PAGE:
What is Free-space laser communication?

Free-space laser communication is a wireless communication technology that sends data across the atmosphere using lasers. This technology has several advantages over traditional wireless communication methods, including higher data rates, increased security, and improved resistance to interference. While fibre optic cables function similarly in laser communications systems, the beam is sent over space. Laser communication systems do not require concealed wires or broadcast rights, although the line of sight between the transmitter and receiver is required. Since laser communications systems are low-cost, portable, and don’t need to be studied for radio interference, they can be deployed. This article will discuss the principles of free-space laser communication, its applications, and its potential as a viable alternative to traditional wireless communication technologies.

Figure 1: Space Laser Communications – Fraunhofer Heinrich Hertz Institute

The basic principle behind free-space laser communication is the use of lasers to transmit information through the atmosphere. A laser beam is a highly focused, collimated beam of light that can send data over long distances. The information is encoded in the laser beam’s intensity, phase, or polarisation and then decoded at the receiver end using a detector and a suitable decoding algorithm.

One of the main advantages of free-space laser communication is its high data rate. The data rate of a free-space laser communication system is typically much higher than that of a traditional wireless communication system, such as a radio frequency (RF) system. This is because the bandwidth of a laser beam is much higher than that of an RF signal, allowing for the transmission of more data in a given amount of time. In addition, the narrow beam width of a laser beam allows for multiple laser beams to transmit data simultaneously, further increasing the overall data rate of the system.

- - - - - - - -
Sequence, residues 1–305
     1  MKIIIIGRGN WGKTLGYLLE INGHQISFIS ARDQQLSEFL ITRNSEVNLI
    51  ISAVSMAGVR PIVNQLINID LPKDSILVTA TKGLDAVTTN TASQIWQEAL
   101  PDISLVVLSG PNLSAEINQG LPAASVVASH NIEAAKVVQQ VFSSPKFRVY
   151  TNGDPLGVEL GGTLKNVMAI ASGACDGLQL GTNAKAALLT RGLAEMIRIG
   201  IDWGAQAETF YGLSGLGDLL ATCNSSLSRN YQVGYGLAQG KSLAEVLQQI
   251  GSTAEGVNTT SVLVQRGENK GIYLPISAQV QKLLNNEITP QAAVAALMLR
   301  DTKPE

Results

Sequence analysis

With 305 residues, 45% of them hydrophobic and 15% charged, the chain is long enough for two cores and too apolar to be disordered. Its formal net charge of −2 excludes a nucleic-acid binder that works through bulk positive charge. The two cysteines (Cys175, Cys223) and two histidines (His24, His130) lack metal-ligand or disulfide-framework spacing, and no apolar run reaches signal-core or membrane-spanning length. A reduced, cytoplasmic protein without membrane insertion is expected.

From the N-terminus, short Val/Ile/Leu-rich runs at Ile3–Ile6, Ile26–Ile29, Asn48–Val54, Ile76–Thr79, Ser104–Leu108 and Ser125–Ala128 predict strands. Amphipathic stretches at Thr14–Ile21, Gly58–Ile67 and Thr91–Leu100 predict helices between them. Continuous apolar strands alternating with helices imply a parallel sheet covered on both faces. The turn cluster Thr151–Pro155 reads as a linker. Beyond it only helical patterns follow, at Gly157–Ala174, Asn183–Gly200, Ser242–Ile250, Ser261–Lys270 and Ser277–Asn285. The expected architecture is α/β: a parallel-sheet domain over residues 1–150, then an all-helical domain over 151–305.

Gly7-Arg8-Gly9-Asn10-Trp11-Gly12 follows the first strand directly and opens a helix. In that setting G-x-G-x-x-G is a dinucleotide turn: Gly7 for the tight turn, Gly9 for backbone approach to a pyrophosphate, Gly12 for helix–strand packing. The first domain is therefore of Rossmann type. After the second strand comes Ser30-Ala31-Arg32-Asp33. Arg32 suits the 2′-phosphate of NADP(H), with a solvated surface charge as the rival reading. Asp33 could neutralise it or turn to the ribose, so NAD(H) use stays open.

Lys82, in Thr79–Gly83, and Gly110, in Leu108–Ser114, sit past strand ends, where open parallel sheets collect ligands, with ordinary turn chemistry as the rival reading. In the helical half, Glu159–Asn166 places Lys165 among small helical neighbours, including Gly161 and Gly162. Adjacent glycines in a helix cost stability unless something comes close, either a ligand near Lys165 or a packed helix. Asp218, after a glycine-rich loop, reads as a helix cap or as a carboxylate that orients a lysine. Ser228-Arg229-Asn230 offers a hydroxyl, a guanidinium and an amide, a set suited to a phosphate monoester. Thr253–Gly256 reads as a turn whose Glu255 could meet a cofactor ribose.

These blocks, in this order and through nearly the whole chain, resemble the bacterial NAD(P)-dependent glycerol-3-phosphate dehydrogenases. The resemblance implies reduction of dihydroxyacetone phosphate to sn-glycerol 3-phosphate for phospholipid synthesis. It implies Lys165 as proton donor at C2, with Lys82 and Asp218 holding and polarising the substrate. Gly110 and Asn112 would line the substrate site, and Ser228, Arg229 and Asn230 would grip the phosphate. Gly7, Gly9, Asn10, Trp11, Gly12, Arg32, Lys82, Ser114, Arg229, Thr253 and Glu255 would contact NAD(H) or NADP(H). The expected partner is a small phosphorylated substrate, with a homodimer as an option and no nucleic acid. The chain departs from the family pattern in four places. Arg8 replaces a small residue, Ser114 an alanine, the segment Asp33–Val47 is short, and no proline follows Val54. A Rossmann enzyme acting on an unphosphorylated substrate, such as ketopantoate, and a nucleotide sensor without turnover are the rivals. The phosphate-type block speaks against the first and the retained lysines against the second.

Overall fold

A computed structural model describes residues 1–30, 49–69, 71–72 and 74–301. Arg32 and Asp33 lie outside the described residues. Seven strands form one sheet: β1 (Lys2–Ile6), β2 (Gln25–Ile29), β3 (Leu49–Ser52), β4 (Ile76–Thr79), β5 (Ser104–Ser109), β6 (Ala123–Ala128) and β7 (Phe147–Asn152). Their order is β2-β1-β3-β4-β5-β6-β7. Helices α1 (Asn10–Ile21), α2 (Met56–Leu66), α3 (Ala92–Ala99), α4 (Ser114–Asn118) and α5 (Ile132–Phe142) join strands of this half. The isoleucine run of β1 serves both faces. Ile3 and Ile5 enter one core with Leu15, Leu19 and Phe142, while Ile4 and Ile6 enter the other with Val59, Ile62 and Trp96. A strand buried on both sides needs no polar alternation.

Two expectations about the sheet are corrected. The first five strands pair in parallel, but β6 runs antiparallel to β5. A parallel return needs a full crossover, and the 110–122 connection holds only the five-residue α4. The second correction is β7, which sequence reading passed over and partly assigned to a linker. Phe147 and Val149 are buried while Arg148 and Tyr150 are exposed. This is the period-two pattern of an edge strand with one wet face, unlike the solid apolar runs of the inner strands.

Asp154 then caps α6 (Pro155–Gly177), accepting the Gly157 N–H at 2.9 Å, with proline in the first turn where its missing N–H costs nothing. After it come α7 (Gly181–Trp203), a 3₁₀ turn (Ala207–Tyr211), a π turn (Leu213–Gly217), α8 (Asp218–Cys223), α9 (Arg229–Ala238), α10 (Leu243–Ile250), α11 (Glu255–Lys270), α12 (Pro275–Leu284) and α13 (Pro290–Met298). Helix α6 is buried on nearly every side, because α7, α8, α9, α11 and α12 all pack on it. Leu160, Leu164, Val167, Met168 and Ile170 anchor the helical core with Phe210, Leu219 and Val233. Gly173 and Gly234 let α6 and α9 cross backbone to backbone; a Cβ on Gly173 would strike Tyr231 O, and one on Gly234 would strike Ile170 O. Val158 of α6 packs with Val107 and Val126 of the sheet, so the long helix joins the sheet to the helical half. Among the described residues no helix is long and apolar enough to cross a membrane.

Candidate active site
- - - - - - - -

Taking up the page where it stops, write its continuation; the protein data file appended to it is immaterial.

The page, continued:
Another advantage of free-space laser communication is its increased security. Because the laser beam is highly focused and collimated, it is less susceptible to interference from external sources. This makes it more difficult for an attacker to intercept or jam the laser beam, making it a more secure method of communication. In addition, the laser beam is highly directional, making it a good choice for communication in situations where confidentiality is a concern.

Figure 2: Free-Space Optical Communications (FSO) | Axiom Optics

Free-space laser communication also has improved resistance to interference compared to traditional wireless communication technologies. This is because the laser beam is less affected by atmospheric conditions such as fog, rain, or snow, which can disrupt the transmission of an RF signal. In addition, the laser beam is less likely to be disrupted by other RF signals, making it a good choice for communication in environments with high RF interference.

There are several different applications for free-space laser communication. One of the most common applications is satellite communication, where free-space laser communication is used to transmit data between satellite and ground stations. This technology is beneficial for satellite communication because it allows for high data rates and low latency, which are essential factors in satellite communication.